Fruit flies are some of the most significant pests of fruit and vegetables throughout the world. The fruit flies that cause damage in our orchards are known as tephritid flies. They are quite different to the drosophila group that many people will know as small brown flies that hang around decaying fruits in a fruit bowl. The drosophila flies are not agricultural pests and are mostly only a nuisance where fruit and vegetables are stored. Australia has very many tephritid fruit fly species but the most well known and damaging are Queensland fruit fly and Mediterranean fruit fly. Queensland fruit fly occurs in eastern Australia through much of Queensland and New South Wales. Med fly is present in Western Australia.
In this article the term ‘fruit fly’ refers to Queensland fruit fly although management techniques are similar for most of the tephritid group.
Female fruit fly lay their eggs into healthy, ripening fruit on the tree. Queensland fruit fly has been recorded from a wide range of native and introduced fruits (around 250 species). Around 6 or more white banana shaped eggs are deposited just beneath the skin. A ‘sting’ mark usually appears on the surface of the fruit. It may be accompanied by a gum-like exudate. Fruit subsequently drop to the ground and very heavy losses can be incurred if control measures are not taken.
Eggs hatch in 1-2 days. The maggots commence feeding on the flesh of the fruit and a localised rot develops causing the fruit to drop to the ground. After a week or so mature maggots leave the fruit to pupate in the soil. Around 2 weeks later adult flies emerge to mate and resume the cycle.
To manage fruit fly in orchards there are several important things to understand about their biology:
- The female fruit fly must feed on a source of protein before her eggs will mature
- She must wait about 5 days before she can commence egg lay
- Adult flies usually mate and feed in the host tree
- They are strong fliers and can travel some distance
- The males of many species are strongly attracted to specific chemical compounds
- A female fruit fly only mates once in her lifetime
- Adult flies can survive winter but females will re-sorb their eggs during extended periods of cold weather
- Fruit fly threat is greatest while susceptible fruit are available, the weather is warm and conditions are moist
- Flies are most active from dawn for the first few hours of the day
- Continued availability of suitable host plants will favour fruit fly populations
Fruit fly management
Fruit fly is potentially a very serious threat and can cause extensive crop loss. It is also an important quarantine pest placing severe restrictions on fruit movement from areas where it occurs naturally. There are several strategies which, when combined and carried out diligently can provide excellent control of fruit fly in commercial or domestic crops.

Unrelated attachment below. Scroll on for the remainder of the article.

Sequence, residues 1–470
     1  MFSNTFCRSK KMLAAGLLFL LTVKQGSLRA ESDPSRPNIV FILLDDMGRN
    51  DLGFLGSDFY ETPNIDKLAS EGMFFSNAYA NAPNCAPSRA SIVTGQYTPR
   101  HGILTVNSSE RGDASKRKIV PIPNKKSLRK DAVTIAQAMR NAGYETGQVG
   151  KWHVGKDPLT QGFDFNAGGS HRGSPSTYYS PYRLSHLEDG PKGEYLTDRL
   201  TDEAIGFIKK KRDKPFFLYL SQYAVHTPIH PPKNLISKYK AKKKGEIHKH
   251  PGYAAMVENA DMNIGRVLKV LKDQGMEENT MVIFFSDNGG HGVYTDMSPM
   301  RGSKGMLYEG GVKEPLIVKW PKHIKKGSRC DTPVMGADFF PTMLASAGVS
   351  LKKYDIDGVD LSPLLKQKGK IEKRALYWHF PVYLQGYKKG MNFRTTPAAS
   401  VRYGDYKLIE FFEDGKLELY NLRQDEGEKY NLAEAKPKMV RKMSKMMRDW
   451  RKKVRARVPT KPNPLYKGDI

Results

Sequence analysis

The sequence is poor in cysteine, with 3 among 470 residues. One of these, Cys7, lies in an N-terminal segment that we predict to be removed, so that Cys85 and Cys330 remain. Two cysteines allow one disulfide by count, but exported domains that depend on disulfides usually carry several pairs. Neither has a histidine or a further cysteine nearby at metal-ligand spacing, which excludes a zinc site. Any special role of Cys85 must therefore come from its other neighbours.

Protein baits consist of a liquid protein that is then mixed with a toxicant. They must be applied regularly to the foliage or trunk of the host tree. Baits are susceptible to weathering and must be applied more frequently during periods of high rainfall.
Bait applications must commence before fruit fly establishes in the crop and regular treatments are essential for this method to succeed. Increased baiting frequency may be necessary during periods of high pressure from fruit fly. Thickeners can improve the life and efficacy of protein baits and are recommended during periods of high pressure.
An organically approved protein bait is now available (see Naturalure ™ Fruit Fly Bait below).
Counting and recording fruit fly populations helps us understand fruit fly activity in an area, and we can use this information to fine tune control programs. Male traps contain a cotton wick impregnated with a powerful male sex attractant (cue lure), and an insecticide. These traps can be a useful monitoring tool but trap counts must be interpreted carefully. It is important to note that:
- These traps only catch male fruit flies
- The number of flies caught does not necessarily indicate the size of the population but can indicate population trends
- Fruit fly traps do not control fruit fly – you must use protein bait sprays also to achieve this
Female traps are generally not very effective. Research is continuing into developing better female traps. They are usually of little value in commercial orchards but may be useful for domestic situations. Female traps require high maintenance and captured flies are difficult to identify.
Male annihilation technique (MAT)
MAT cups are designed to reduce the male fruit fly population. They contain the same impregnated cotton wick used in the male fly traps. Cups are placed at 10-20 per hectare 3 times per year. MAT cups are most effective when used over large areas or entire cropping regions. (Note that MAT cups compete with male fruit fly traps, affecting the results of traps set up for the purpose of monitoring.)
Conventional insecticides may be applied to kill eggs and young larvae in the fruit. However currently registered insecticides are very toxic to beneficial insects and are not compatible with integrated pest management (IPM). Currently registered products are also under review and their continued availability is in doubt.
Cover sprays should only be used as a last resort if all other measures fail. Thorough coverage is essential.
Sterile Insect Technique (SIT)
The technique relies on releasing huge numbers of sterilised male flies in a geographic region to eradicate fly populations. It is only of use in geographically isolated or marginal areas. It is very expensive and usually carried out by governments.
- Removal or slashing/mulching of fallen fruit can reduce pressure
- Remove all fruit from trees when mature
- Remove second-crop fruit to reduce opportunities for fruit fly
- Removal of alternate hosts in an area can reduce opportunities for fruit fly to breed